Local pre-diabetes results are influencing national roll out

diabetes testYou may remember we launched a new service at the end of last year, supporting people who have been diagnosed as being “pre-diabetic” (also known as “borderline diabetic” – in other words, they have a high chance of getting Type 2 Diabetes).

This was part of the pilot for a national programme which, it was announced this week, will be rolling out across the UK very soon thanks to the success of courses like ours.

To date, we’ve started 31 courses at 26 GP surgeries across South Birmingham, with another 19 planned for April. We’ve had around 600 referrals so far and we’re very pleased to say we’ve had a 92% retention rate.

Those are the stats, but what do the people who’ve actually been on the pre-diabetes course think about it? Well, we’re delighted to note that the feedback from participants has been overwhelmingly positive about the course – and their new lifestyles! Just last week we received this email from Elaine with some great news:

I had my blood sugar test done last July and as you know it was 44. Since that time I had been following a healthy diet. Attending your course reinforced my knowledge and reminded me of the hidden sugars. I am pleased to tell you I had a blood test last week and my result was 40 so I celebrated with a hot cross bun. For me I think it was no sugar in tea/coffee, if I had cake or pud I made my own with very little sugar or a sugar substitute, wholemeal/granary bread, wholemeal pasta, porridge with seeds/nuts, very little potato and lots of veg/salad, protein and most meals made from scratch.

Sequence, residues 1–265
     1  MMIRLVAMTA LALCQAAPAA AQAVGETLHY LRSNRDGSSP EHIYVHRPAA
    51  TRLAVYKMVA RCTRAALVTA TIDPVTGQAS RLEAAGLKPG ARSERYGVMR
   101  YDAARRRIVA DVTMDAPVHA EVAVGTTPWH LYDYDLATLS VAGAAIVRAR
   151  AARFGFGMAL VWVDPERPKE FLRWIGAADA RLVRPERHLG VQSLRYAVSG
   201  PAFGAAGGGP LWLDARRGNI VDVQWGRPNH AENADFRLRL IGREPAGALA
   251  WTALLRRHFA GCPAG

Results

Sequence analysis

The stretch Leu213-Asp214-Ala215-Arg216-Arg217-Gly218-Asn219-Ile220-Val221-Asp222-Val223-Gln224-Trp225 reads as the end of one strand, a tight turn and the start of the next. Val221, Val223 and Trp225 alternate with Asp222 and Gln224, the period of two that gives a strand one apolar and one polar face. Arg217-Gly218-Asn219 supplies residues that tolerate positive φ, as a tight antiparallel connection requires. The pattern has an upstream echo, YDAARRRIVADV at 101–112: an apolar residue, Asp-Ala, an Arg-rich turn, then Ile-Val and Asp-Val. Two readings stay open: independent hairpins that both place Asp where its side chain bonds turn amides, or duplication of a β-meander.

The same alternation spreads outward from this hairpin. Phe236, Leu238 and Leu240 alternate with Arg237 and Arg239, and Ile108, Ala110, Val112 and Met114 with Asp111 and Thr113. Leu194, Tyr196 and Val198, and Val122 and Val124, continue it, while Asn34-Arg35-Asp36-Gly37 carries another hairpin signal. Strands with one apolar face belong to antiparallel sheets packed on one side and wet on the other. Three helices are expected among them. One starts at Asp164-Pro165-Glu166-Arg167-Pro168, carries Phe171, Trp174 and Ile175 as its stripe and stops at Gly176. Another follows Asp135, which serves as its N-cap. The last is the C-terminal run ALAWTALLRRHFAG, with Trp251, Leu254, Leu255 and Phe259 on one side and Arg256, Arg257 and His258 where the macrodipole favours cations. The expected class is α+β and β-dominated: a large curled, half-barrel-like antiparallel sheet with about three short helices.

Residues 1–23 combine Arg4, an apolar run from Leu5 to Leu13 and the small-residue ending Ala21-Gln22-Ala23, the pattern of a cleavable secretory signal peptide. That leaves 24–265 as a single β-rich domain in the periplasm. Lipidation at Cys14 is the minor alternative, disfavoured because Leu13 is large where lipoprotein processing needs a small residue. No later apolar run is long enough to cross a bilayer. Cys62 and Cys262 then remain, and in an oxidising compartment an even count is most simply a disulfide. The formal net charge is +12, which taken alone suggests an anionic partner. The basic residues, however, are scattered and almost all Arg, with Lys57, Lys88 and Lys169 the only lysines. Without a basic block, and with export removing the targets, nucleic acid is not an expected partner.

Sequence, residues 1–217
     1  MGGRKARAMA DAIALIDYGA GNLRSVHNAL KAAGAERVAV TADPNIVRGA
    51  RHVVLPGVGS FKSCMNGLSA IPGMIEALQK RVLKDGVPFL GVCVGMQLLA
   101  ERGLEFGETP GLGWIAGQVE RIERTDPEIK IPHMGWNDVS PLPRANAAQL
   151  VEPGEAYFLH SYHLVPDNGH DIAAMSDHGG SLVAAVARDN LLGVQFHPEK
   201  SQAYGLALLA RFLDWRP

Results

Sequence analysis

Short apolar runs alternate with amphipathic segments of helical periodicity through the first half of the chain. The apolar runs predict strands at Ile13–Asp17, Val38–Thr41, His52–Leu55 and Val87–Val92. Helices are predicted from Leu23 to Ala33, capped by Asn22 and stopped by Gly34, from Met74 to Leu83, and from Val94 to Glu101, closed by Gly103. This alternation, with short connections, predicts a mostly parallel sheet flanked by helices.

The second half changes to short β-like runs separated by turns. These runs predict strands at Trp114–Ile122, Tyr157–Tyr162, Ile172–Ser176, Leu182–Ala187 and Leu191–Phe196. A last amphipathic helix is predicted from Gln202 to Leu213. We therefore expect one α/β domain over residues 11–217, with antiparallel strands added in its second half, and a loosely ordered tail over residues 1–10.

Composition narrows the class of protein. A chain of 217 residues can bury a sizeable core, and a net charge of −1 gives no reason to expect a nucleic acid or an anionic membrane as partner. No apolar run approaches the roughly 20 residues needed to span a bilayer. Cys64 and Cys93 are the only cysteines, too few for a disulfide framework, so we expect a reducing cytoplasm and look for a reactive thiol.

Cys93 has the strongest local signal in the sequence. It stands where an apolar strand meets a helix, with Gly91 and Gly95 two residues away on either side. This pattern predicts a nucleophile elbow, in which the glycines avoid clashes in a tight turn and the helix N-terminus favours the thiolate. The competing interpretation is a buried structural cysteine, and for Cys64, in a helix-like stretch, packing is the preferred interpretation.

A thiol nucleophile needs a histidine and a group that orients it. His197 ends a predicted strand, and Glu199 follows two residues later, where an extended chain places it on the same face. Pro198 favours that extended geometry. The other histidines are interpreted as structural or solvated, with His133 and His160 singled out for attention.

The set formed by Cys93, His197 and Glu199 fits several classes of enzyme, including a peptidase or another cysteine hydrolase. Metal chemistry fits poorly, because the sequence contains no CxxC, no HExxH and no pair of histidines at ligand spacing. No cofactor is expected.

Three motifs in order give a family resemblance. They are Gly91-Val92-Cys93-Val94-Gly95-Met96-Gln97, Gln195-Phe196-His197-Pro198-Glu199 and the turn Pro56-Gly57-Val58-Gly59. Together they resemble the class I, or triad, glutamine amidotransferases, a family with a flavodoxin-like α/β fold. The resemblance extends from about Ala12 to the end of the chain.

Why is this great news? Well, a score of 40 means she’s no longer pre-diabetic!

A diagnosis of pre-diabetes is given when someone’s HbA1c – their level of glycated haemoglobin – is measured at 42 mmol/mol or more (with 48 mmol/mol or over meaning that someone is diabetic). So, at 40 mmol/mol, Elaine is back in the “normal” range.

Congratulations to Elaine and everyone else on the pre-diabetes course who is working hard to become healthier and reduce their chances of a Type 2 Diabetes diagnosis.

Tackling pre-diabetes could be a walk in the park!

As well as changing the way you eat, watching out for sugars in food and cutting back on portion sizes, one of the main ways to lower your blood sugar levels and the chances of being diagnosed with diabetes is to do more physical exercise.

walkingOne of the things we try and do at Gateway is to make it as easy as possible for people to do that, by referring people from the course into other services that can support people to do more physical activity.

Gateway Health Trainer Keiran has been running walking groups in South Birmingham for a few years now, and he’s very keen for people with a pre-diabetes diagnosis to join him in taking some gentle physical activity.

Walking is one of the simplest ways to start exercising – it’s free and you can start off however slowly you like! However, many people find motivation difficult. Walking groups are a great way round this, providing incentive, support and even new friends. To find out more about Keiran’s walking groups, ask your GP to refer you to a Gateway Health Trainer.

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